As a student at Notre Dame, my prayers at the Grotto often arose out of a sense of searching and confusion, clueless as to my future, my major, my raison d'etre. Prayers like that are seldom answered instantly, as if a fax or e-mail from above were possible. Or as my now five-and-a-half-year-old says: "Somebody tell God to talk louder because I can't hear Him!" But I know, as clear as a child's laughter, that my Grotto prayers have been answered. And I look forward to the time when my answer and I can again return, in thanks, in praise and wonder, and to perhaps sow a few more seeds. Not for my future, but for hers
PATRICIA METCALF KLEPPER
CLASS OF 1977
I am indebted in this project to the dedication, spirituality, and trust of Mrs. Dorothy Corson. Her four years of research into the history of the Grotto honors its centennial and the labors of her father, William Buckles, who built a replica of the Notre Dame Grotto on the grounds of St. Stanislaus Church in South Bend.
Dorothy and I see our own Grotto experience as something of a miracle. We first met when I worked in the Local History Room of the St. Joseph County Public Library. I was intrigued by the subject of her research and inspired by her perseverance.
In the fall of 1994, Dorothy brought her work to the attention of Elaine Cripe, editor of Alumni Publications, and asked if a request for personal stories relating to the Grotto could be placed in The ALUMNI Newsletter. Not long after hiring me as her assistant in March, Elaine gave me the assignment of writing the request for stories about the Grotto for the May 1995 issue of ALUMNI. I called Dorothy and said "You'll never guess where I'm working now and why I'm calling you." As the project evolved, Dorothy needed someone to adopt it. She says I was "planted in her path." Often when a question arose that seemed an obstacle in our path, Dorothy would say: "We'll just have to leave it up to Our Lady." During dry stretches in her research, Dorothy's prayer at the Grotto was: "Lady dressed in light, show me the way."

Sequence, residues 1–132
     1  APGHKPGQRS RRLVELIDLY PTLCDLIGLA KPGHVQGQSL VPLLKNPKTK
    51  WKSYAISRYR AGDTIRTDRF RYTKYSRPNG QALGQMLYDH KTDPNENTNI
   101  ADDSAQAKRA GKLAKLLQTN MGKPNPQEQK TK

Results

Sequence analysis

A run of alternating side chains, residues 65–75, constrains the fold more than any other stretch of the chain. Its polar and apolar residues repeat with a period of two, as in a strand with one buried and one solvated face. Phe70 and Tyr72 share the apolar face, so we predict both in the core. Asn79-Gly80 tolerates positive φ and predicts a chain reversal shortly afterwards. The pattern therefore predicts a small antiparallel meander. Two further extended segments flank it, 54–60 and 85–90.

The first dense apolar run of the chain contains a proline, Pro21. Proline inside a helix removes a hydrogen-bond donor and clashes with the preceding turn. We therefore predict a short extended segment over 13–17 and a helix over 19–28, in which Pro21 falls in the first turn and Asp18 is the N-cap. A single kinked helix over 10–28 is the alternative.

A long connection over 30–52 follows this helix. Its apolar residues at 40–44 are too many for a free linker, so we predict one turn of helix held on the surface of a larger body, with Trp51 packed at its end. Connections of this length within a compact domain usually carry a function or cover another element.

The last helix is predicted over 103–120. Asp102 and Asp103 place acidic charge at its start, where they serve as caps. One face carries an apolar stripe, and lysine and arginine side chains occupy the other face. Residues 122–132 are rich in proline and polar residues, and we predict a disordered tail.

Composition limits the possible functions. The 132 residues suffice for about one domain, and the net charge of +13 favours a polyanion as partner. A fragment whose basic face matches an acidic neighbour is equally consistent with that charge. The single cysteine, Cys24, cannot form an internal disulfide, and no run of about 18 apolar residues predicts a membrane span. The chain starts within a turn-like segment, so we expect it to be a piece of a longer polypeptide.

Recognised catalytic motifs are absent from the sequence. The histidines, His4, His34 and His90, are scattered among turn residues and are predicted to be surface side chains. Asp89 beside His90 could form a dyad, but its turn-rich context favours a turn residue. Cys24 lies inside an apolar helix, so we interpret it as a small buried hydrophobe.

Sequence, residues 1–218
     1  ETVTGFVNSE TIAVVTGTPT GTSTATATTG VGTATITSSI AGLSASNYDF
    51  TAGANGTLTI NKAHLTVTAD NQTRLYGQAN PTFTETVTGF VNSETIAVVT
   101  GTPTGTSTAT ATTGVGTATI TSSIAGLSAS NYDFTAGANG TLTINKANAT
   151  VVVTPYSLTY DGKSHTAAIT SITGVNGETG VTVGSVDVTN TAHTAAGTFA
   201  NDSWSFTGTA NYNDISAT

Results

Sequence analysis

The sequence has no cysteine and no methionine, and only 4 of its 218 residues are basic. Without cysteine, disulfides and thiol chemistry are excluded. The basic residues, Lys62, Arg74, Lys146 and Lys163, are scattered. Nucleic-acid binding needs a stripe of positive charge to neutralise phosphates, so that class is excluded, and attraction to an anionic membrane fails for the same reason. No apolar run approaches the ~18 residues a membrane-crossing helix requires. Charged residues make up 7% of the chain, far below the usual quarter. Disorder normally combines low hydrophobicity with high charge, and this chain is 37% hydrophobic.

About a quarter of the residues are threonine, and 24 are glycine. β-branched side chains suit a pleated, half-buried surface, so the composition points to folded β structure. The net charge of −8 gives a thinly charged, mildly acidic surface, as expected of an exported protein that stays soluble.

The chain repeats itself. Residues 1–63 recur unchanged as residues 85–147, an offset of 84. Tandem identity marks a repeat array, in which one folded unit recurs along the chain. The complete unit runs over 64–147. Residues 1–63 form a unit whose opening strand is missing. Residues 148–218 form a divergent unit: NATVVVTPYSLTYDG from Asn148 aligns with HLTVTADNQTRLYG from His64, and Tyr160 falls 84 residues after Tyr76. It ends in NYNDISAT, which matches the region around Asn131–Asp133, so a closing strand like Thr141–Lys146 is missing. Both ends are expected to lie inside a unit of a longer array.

Rev. Thomas McAvoy, C.S.C., former University Archivist and historian once said: "To have a history is to have a name, and the richer the history the more glorious the name." The more Dorothy dug up the historical facts of the Grotto's first hundred years, the more she realized that it's the faith, the feelings, the stories of the people who visit there that is the true history and glory of the Grotto. And she wished for such stories to eventually accompany her manuscript in the University Archives. Here, I mingle the stories with some of Dorothy's findings from countless hours of perusing archival documents and unindexed campus publications.
On behalf of the readers who find inspiration in Grotto Stories, I thank the authors for their part in spreading the glory. I sensed great appreciation for the invitation to put their feelings into words. Months after writing her poignant Grotto remembrance, Mary Murphy said in a telephone conversation: "It was so good for me to reflect and make heads and tails of the experience." Expressing it in writing helped to make it a "learning moment," she said.
My life and the lives of those around me have certainly been enriched -not only in collecting the Grotto letters, but also by the personal notes that came later. Upon learning of the project many of the letter authors sent words of encouragement. Kathy Ferrone wrote: "Behind your work is another Mary. It was for her that the Grotto was built, so she will probably show the interest she has in your project in some amazing ways ...In your work, you are not alone. Expect many blessings as you watch things fall in place before you."
You were right, Kathy.
Thank you all.